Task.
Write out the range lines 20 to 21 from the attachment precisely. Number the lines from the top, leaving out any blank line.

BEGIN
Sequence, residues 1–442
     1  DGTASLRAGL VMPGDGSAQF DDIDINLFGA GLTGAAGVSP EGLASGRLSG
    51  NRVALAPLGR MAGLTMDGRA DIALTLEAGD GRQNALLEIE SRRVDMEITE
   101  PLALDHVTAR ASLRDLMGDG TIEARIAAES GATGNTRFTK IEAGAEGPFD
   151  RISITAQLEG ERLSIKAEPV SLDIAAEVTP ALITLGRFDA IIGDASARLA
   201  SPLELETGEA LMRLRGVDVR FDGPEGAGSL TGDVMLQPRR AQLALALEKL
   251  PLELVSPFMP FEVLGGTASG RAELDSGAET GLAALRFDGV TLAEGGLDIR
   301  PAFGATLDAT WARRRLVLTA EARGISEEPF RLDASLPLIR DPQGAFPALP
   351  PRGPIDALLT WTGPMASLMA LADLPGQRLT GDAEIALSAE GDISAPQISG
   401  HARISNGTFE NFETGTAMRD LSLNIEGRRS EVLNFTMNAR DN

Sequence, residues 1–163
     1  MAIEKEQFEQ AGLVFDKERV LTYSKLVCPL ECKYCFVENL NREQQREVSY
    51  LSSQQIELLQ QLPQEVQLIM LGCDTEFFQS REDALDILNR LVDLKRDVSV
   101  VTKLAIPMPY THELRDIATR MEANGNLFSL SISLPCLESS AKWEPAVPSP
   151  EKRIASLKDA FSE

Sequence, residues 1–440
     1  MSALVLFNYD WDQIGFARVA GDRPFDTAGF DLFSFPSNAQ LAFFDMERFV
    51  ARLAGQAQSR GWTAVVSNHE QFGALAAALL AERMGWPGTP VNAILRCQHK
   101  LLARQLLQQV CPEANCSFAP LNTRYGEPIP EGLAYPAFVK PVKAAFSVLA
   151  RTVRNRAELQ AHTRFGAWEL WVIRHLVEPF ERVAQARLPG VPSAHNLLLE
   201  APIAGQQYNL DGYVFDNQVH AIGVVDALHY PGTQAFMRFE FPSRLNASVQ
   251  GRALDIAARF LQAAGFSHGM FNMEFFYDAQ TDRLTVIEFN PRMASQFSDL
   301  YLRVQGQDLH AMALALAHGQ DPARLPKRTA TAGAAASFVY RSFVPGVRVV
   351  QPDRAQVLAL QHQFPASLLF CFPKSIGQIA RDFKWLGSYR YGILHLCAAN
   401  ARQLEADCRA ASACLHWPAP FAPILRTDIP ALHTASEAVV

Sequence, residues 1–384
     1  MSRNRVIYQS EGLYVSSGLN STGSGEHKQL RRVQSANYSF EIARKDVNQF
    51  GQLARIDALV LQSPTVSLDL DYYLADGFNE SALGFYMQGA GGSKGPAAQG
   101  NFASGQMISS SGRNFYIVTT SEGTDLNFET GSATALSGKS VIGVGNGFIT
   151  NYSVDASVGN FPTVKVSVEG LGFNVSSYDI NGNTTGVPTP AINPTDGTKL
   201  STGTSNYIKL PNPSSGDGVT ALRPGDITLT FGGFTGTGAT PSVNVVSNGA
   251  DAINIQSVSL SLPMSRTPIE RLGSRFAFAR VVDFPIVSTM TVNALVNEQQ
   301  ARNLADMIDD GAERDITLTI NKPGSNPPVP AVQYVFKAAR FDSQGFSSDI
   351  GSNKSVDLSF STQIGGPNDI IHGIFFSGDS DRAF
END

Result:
   151  RTVRNRAELQ AHTRFGAWEL WVIRHLVEPF ERVAQARLPG VPSAHNLLLE
   201  APIAGQQYNL DGYVFDNQVH AIGVVDALHY PGTQAFMRFE FPSRLNASVQ